When I got my first job in 1975, one thing my parents instilled in me from day one was that the first impression was the most important impression.
It is important to remember that you can have the best product on the market, you can have true talent in what you do, but create a wrong first impression and you will have problems right from the start.
Shane Drew has been involved in the sign industry since 1992.
I recently noticed a sign contractor doing his job in bare feet. Having a wife who is a WPH&S Officer, the lack of safety footwear got my attention. It is against the workplace laws for anyone to operate in a factory with no foot protection. His attitude was ‘ its about me being comfortable, so take it or leave it’.
My first impression? This man didn’t take his responsibility seriously, and frankly, I thought he was a fool.
From that moment on, I had a little less respect for him. I wasn’t alone either as it was the topic of conversation at lunch.
Don’t get me wrong, he is easily one of the industry’s best applicators but the first impression he projected did him no favours.
Of course, first impressions can be defined by anything. Body odour to poorly fitting clothes. Negative body language, a dirty vehicle or a poorly designed business card. It all comes in to play when we are trying to impress a new client.
Psychologists and communication experts warn that we have less than 20 seconds to give a lasting impression.
Bill Lampton, a well respected speech communication lecturer makes the point that we have pressure everyday to make our case “instantly”.
So, how do we project a good impression in such a small amount of time?
In his recent article at businessknowhow.com, Bill Lampton gives us some hints.
1) Don’t be a bore.
Make sure the prospective client is the centre of attention, not you. Clients always like to hear positive comments about their business. Comments like “I love the logo you have designed” are simple but effective.
2) Be a good listener.
Respond with things like ’what a great idea’ or ask them to enlarge on a comment. You can only do this is you are really listening though. Be interested in the client and be genuine. Sincerity is the hardest thing to fake.
3) Use the clients name frequently in your conversation.
It is a good technique to remember the clients name, but also shows you are paying attention from the initial introduction.
4) Keep away from sarcastic humour.
I know of an experience when a businessman was trying to secure a new contract, and the prospective client told him he was rarely available on weekends as he participates in missionary type work with his family. The businessman, being atheistic in his own views, made a sarcastic comment about religion and alienated himself immediately.
A wise old man once told me to avoid religion and politics when meeting new clients or doing public speaking. Why? Because they are the two subjects that will be guaranteed to divide an audience. Its something I’ve lived by for years.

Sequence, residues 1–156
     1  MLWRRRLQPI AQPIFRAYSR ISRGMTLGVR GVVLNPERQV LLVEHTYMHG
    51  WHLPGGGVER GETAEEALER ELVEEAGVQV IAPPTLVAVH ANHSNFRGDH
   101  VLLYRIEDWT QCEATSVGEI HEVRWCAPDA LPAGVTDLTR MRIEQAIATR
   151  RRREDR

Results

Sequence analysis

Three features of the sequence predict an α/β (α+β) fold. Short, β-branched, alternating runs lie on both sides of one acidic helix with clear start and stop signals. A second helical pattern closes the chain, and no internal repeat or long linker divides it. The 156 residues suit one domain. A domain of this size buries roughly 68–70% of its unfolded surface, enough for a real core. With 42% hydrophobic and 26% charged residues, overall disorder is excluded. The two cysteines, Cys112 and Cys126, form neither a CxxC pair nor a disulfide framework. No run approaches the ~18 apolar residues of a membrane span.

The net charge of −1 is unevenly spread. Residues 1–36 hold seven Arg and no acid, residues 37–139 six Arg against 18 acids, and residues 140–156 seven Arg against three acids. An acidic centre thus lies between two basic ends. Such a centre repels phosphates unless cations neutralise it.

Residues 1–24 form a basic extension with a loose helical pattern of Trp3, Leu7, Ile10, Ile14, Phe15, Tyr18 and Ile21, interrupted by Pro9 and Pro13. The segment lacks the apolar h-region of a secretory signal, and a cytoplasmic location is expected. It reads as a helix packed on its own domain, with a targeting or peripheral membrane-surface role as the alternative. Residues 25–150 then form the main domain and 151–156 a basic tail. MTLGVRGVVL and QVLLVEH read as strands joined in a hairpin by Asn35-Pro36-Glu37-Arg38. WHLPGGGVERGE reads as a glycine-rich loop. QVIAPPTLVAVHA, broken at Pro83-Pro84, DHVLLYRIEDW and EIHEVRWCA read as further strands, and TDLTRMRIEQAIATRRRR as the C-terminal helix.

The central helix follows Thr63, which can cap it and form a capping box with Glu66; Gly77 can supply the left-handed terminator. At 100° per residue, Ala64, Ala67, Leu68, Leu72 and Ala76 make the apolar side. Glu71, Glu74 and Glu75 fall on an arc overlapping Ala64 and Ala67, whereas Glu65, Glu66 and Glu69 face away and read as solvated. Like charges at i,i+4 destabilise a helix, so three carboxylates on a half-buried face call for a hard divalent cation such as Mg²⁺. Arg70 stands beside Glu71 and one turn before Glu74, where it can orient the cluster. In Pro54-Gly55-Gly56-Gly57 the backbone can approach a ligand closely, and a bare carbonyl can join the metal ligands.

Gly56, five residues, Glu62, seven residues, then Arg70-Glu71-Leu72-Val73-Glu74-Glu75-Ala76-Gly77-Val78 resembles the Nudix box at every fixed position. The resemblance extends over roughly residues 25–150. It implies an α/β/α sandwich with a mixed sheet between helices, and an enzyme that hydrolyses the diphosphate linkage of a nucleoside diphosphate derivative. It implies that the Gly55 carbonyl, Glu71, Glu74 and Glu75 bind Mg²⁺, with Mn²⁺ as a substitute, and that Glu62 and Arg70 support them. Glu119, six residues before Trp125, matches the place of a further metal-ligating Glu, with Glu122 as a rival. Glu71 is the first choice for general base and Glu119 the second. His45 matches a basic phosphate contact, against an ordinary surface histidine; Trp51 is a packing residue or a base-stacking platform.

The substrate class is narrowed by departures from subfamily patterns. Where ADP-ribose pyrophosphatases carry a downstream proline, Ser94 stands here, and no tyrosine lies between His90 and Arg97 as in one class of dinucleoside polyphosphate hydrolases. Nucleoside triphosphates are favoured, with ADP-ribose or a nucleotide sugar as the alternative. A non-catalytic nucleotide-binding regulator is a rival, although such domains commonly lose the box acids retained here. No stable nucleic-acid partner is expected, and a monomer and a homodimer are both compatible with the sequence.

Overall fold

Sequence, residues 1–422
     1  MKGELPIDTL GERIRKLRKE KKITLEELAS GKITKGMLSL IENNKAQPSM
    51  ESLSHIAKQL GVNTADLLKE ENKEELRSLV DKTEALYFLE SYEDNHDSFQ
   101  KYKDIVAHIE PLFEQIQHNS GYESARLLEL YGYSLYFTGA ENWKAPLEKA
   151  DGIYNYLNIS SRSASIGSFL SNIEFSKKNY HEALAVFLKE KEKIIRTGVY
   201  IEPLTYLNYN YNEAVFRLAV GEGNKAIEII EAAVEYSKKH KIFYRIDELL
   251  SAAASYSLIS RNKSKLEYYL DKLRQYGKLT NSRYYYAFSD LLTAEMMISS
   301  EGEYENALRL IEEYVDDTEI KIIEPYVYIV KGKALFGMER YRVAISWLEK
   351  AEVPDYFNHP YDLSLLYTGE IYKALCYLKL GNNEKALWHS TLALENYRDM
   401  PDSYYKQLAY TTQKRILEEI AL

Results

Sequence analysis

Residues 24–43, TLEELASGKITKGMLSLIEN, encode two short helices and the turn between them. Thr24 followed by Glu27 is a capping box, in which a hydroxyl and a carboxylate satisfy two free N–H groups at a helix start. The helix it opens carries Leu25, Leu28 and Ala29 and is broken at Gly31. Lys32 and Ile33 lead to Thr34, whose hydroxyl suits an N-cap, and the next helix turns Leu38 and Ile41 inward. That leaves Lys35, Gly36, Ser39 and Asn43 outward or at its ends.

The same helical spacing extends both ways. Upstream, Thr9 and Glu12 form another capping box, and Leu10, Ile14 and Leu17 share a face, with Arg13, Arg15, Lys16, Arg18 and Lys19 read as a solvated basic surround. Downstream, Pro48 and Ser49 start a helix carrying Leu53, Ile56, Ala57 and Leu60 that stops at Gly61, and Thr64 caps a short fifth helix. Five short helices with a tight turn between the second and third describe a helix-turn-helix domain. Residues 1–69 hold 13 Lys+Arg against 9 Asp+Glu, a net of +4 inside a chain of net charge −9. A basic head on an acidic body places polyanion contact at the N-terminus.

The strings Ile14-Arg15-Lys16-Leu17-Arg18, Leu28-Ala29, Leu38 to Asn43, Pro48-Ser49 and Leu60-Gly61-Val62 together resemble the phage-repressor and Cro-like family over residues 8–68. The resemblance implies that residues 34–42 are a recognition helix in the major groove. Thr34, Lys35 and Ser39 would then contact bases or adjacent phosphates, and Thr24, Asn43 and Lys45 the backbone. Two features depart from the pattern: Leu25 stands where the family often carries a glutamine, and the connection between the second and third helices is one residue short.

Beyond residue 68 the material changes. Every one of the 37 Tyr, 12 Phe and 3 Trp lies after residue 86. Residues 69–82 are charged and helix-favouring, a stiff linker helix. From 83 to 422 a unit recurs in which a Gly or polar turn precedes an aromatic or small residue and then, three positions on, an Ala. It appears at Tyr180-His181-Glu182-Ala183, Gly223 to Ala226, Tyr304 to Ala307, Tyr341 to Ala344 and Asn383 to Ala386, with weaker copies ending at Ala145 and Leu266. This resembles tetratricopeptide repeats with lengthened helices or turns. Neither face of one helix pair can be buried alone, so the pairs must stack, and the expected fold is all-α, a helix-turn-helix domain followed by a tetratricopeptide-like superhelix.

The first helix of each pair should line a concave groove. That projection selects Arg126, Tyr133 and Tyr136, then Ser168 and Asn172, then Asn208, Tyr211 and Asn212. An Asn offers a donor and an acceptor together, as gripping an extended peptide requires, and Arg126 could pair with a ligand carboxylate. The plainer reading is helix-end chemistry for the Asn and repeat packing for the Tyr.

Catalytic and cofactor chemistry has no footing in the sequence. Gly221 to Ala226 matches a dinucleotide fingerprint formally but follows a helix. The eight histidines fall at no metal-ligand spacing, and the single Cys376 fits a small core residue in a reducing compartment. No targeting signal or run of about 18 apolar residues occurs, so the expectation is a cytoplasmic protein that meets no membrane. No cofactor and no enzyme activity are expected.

5) Give up the need to be right.
Its not important to argue the point. Wait until you have established credibility before you challenge another's statements. A bit like marriage really.
6) Like it or not, your appearance says a lot about your state of mind.
A lot of thought should be given to dress appropriately for the circumstances. One company I worked for had two staff that did quotes. One of the staff always dressed well for meeting clients that were in an administrative role. The other dressed casually and would be called on to quote clients at the more grass routes level.
It’s a good argument for a work uniform though. It gives a professional appearance from the start, and it doesn’t say ‘fly by night’ like turning up in stubbies, volleys and a T Shirt can imply.
7) Watch your language.
Lampton points out listeners will judge our intelligence, our cultural level, our education, even our leadership ability by the words we select - and by how we say them. Using ‘colourful’ language is not everyone’s cup of tea, so its best that you refrain altogether.
He says rather than mumble, speak so you're easily heard. Enunciate clearly. Alter your pitch to avoid the dullness of a monotone. Display animation in both voice and facial expression. Gesture naturally, without "canning" your movements.
None of this advice is new though. It was around when I was young, but it is still relevant.
If we have been in business for a while, we might think that our reputation will carry us through. That of course may well be true. But if you are just starting up, remember that one of the keys to getting new business is to be noticed.
It may be as simple as giving a good first impression to get a foot in the door.
I remember when I was struggling for work when I went out on my own in the late 90’s. I managed to get an appointment with the CEO of a large manufacturing company. I was very nervous as I had a lot riding on getting the job. It was almost make or break for me.
The CEO had been unhappy with the sign shop he was using. I came on the scene, convinced him that I could do the job better, and within a few weeks I was doing $2000 a month in signage and associated work. It eventually grew to average $2000 a week for many years until they sold out.
I asked the CEO some time later why he gave me a go. He said, unlike the other shop he had been using before me, I was polite, didn’t swear, and I showed a respectful attitude. He said his first impression of me was very positive, and thought I was worth giving a go.
I thanked my dad for instilling in me all those years ago that the first impression was the most important impression.
It is worth remembering today. It is still relevant.